Many pet owners store dog food in their garage not realizing that such a room experiences constant, extreme temperature changes. And this tends to happen more often in the summer season when the mercury level in the garage shoots up.

So it’s important that you store the food at room temperature. Neither too hot nor too cold. The best place would be your kitchen cabinet or pantry.

5 Best Ways to Store Dog Food This Summer

In this section, I’ve discussed the five most creative ways to store dog food in summer. And if what you’re also looking for is how to store dry dog food long term, then this is it. So let’s get started!

1. In a laundry hamper

It’s a simple idea, isn’t it? Many people opt for storing dog food inside trash cans. So if you’re one of the few that don’t like the idea of placing clean, fresh food in a garbage bin, then you can use a laundry hamper instead. Plus, laundry baskets are much more attractive than plastic waste cans.

But when storing dog food in a laundry hamper, you need to make sure that the original package has a zip closure system. You can also place the bag inside a large plastic container before keeping that in the laundry hamper.

2. In a drawstring bag

Such a method is the most useful out of the five best ways to store dog food this summer. And that’s because storing dog food inside a drawstring bag is something that you can do even with multiple pets. This means more variety of food, right? So you can have one drawstring bag for every different type of food product.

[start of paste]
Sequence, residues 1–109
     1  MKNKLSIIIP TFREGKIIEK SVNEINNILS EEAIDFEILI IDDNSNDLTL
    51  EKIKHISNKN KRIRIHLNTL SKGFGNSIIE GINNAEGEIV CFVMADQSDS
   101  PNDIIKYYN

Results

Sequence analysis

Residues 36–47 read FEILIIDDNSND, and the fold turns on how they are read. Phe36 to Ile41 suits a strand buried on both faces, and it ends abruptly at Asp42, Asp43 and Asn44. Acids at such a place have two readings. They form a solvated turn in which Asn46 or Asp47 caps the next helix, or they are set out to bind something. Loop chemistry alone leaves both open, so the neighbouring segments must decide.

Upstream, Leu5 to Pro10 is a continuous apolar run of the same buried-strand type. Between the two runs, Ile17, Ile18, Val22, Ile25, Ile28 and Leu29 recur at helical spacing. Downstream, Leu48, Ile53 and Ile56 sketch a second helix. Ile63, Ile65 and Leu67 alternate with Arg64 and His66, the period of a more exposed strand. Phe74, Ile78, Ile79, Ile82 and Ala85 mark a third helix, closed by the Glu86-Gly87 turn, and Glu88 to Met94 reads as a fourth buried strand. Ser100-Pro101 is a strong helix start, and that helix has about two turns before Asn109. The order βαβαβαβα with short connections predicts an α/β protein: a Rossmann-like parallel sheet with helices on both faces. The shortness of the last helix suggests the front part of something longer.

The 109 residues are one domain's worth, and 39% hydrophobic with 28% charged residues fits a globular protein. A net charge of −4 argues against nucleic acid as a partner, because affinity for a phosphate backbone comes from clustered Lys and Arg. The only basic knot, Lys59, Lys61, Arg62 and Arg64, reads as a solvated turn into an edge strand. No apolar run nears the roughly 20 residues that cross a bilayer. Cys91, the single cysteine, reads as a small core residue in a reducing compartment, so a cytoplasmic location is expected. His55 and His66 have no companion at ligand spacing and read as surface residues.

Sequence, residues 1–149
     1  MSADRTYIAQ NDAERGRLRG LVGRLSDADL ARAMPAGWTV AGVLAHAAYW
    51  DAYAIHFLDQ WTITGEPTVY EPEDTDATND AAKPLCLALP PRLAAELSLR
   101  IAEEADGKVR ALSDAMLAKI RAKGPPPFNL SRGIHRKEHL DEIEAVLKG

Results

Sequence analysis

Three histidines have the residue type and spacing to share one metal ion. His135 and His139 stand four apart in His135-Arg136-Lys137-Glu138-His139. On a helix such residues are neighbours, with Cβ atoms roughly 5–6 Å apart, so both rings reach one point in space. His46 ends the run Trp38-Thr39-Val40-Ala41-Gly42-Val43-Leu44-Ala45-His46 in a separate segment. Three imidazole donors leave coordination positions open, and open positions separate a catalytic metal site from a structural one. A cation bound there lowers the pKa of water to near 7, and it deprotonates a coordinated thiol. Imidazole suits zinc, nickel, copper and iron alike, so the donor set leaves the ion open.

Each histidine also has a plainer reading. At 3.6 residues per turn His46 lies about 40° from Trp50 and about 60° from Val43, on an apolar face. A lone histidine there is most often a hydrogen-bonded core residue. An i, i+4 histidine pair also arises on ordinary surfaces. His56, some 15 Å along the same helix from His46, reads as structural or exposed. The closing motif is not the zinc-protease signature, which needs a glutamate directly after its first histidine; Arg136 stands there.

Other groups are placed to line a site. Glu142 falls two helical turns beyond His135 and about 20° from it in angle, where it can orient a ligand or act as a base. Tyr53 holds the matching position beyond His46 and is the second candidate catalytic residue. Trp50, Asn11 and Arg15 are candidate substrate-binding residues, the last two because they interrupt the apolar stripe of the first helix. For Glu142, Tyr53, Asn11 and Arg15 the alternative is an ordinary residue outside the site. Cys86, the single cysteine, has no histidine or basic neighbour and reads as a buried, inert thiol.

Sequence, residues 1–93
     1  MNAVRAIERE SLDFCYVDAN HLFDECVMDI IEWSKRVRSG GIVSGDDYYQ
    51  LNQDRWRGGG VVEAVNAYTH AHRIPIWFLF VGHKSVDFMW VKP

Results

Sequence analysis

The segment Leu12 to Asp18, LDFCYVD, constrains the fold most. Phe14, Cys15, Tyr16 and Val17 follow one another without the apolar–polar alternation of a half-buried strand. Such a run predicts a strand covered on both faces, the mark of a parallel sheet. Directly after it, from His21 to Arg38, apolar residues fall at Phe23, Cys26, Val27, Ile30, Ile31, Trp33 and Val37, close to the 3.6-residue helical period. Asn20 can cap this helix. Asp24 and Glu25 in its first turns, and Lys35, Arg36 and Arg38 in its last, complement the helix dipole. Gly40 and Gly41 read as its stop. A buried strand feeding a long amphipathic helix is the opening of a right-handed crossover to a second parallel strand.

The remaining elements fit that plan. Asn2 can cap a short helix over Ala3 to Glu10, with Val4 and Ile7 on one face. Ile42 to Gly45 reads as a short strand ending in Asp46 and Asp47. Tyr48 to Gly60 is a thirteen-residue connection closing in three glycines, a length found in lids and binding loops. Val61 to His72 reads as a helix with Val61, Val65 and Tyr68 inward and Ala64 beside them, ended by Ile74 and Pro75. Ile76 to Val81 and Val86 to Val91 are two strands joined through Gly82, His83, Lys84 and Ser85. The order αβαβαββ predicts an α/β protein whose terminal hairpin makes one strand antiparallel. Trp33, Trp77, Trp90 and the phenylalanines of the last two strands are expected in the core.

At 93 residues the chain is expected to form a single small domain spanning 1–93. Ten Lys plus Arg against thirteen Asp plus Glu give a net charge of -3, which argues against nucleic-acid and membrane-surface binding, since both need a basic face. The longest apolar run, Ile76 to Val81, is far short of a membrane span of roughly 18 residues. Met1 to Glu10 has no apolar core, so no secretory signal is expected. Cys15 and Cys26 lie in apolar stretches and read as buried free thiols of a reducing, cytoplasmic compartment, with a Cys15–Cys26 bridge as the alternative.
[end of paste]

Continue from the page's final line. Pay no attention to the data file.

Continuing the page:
Feel free to customize these bags using spray paint or felt marker. Also, buy dog food that comes in packaging that can zip shut. This way the food remains fresh and moisture-free for a long time.

3. In a glass container

Does dry dog food go bad in glass containers? Not if they have an airtight lid. Everybody stores food in plastic containers. But not many have thought about replacing them with the glass versions.

There might be a few glass containers, big or small, lying around somewhere in your house. So it’s time to look for them and use them most creatively.

4 In an old piece of furniture

You don’t need to know all the five best ways to store dog food this summer as much as you need to know this one. Storing dog food inside used, old cabinets or dressers is an excellent idea, isn’t it? All you need to do is find plastic containers of the right size that will fit into the cabinet easily.

5 In a large metal tin or can

After every holiday season, we’re left with tons of large metal tins and cans. So instead of putting all of them away this time, keep a few to store your dog’s food. You can turn these containers into bright, colored storage cans.

That’s About It!

So these are the five best ways to store dog food this summer. The methods discussed above are not only practical but creative too.

So what’s your take on dog food storage? Do you have any useful tips to offer? Leave your feedback in the comments section below.

About the author: